Our team of specialists and staff believe that informed patients are better equipped to make decisions regarding their health and well being. For your personal use, we have created an extensive patient library covering an array of educational topics. Browse through these diagnoses and treatments to learn more about topics of interest to you. Or, for a more comprehensive search of our entire Web site, enter your term(s) in the search bar provided.

As always, you can contact our office to answer any questions or concerns.


 


 

What is a Podiatrist?

When To Call a Doctor

Foot Anatomy

Foot Problems

General Statistics

Achilles Problems

Achilles Tendonitis |Peroneal Tendon Dislocation/Dysfunction | Xanthomas of the Achilles Tendon

Ankle Problems

Ankle SprainChronic Lateral Ankle Pain | Osteochondritis

Arch and Ball Problems

CapsulitisFlat Feet Metatarsalgia (foot pain in ball)Plantar Fibromas (lumps in the arch of the foot) | Sesamoiditis

Common Foot Injuries

Ankle Sprain Injuries | Broken Ankle | Fractures | Osteochondritis (stiff ankle)Osteochondromas |Shin Splints | Sports Injuries

Deformities

Amniotic Band Syndrome | Bunions | Claw ToeClubfootDysplasia (Epiphysealis Hemimelica) | Enchondroma | Flat FeetGordon Syndrome | Haglund's Deformity | Hallux Limitus (Stiff Big Toe Joint)Hallux Rigidus (Stiff Big Toe) | Hallux VarusHammertoesJackson-Weiss SyndromeMallet ToesMetatarsalgia |Osteomyelitis (Bone Infections)Overlapping or Underlapping ToesPeroneal Tendon Dislocation/DysfunctionPosterior Tibial Tendon DysfunctionSesamoiditisSpurs | Tarsal Coalition

Diabetes and Your Feet

Diseases of the Foot

Arthritis | Cancer | Charcot Foot | Freiberg's Disease | Gout | Kaposi's Sarcoma | Kohler's Disease | Maffucci's SyndromeOllier's DiseaseRaynaud's Disease | Seiver's Disease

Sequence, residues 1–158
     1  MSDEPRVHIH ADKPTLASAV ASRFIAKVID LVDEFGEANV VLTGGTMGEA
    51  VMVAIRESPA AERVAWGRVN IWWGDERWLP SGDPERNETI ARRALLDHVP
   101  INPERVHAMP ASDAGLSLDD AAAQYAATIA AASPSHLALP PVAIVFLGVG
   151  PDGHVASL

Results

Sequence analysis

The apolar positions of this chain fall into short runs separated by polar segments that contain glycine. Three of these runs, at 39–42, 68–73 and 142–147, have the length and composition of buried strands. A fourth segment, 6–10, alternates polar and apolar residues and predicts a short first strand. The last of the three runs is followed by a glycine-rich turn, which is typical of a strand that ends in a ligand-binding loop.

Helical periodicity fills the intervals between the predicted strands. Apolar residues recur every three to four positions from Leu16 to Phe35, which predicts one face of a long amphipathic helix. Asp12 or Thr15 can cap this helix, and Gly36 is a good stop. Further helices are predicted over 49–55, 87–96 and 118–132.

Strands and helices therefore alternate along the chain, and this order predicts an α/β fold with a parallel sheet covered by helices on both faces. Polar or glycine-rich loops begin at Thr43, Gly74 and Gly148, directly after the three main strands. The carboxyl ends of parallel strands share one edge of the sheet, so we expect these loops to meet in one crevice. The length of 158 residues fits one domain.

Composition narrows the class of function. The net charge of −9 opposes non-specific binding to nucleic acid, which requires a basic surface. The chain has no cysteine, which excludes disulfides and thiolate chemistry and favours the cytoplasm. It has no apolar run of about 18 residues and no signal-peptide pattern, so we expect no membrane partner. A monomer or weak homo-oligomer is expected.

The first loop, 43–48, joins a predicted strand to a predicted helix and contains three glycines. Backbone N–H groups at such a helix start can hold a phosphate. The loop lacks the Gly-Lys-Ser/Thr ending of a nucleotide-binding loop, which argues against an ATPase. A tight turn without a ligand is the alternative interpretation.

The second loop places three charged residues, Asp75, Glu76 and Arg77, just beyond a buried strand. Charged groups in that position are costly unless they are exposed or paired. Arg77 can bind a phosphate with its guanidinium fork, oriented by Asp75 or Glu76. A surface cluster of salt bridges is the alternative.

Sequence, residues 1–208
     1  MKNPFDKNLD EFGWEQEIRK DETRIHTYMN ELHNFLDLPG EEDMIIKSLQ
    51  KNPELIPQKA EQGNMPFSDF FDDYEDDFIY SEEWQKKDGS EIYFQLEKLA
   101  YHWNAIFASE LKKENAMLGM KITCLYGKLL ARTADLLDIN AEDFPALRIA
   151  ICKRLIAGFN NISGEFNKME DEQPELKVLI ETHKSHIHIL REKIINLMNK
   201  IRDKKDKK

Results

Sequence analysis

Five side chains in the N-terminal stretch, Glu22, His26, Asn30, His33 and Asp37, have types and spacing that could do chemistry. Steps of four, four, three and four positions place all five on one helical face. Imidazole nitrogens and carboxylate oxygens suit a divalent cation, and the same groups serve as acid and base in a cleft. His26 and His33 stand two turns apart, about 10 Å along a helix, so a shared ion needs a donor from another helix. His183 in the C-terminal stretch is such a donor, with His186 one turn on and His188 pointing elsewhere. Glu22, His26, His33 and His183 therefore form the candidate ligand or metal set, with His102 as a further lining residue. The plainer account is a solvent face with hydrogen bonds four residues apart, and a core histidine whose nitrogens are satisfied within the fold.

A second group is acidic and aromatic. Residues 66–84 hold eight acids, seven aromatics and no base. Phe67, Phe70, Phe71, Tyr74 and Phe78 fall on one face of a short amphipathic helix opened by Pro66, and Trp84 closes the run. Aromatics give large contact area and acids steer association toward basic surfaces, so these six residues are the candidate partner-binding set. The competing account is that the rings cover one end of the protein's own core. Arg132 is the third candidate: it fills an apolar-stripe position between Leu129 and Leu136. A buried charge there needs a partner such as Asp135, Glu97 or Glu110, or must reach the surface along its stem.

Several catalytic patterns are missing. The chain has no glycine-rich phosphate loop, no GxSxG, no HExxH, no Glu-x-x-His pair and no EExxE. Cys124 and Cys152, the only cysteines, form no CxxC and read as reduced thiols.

Fungus Problems

Common Fungal Problems | Athlete's Foot (Tinea Pedis) | Fungal Nails

Heel Problems

Haglund's Deformity | Heel Callus | Heel Fissures | Plantar Fasciitis (heel spur)

Nail Problems

Black Toenails | Ingrown Toenails| Nail Fungus

Skin Problems

Allergies | Athlete's Foot (tinea pedis) | Blisters| Burning Feet | Calluses | Corns | Cysts | Frostbite | Fungus | Gangrene | Lesions | Psoriasis | Smelly Feet and Foot Odor | Swelling | Ulcers | Warts

Toe Problems

Bunions | Claw Toe | Digital Deformity | Hallux Limitus (stiff big toe joint)Hallux Rigidis (rigid big toe)Hallux Varus | Hammertoes | Intoeing | Overlapping, Underlapping Toes | Subungal Exotosis (bone spur under toenail) | Turf Toe

Vascular/Nerve Problems

Acrocyanosis | Alcoholic Neuropathy | Chilblains (cold feet) | Erythromelalgia | Ischemic Foot | Neuroma | Spasms | Venous Stasis

 

 

Overview of Foot and Ankle Problems

Basic Foot Care Guidelines

Medical Care

Diagnostic Procedures

Computed Tomography | MRI | Ultrasound | X-Rays

Orthotics

Pain Management

General Information and Tips | Pain Management for Specific Conditions

Surgical Procedures

General Information | Achilles Surgery | Ankle Surgery | Arthritis Surgery | Arthroscopy | Bunion Surgery | Cyst Removal | Flatfoot Correction | Hammertoe Surgery | Heel Surgery | Metatarsal Surgery | Nerve Surgery (Neuroma) | Toe Surgery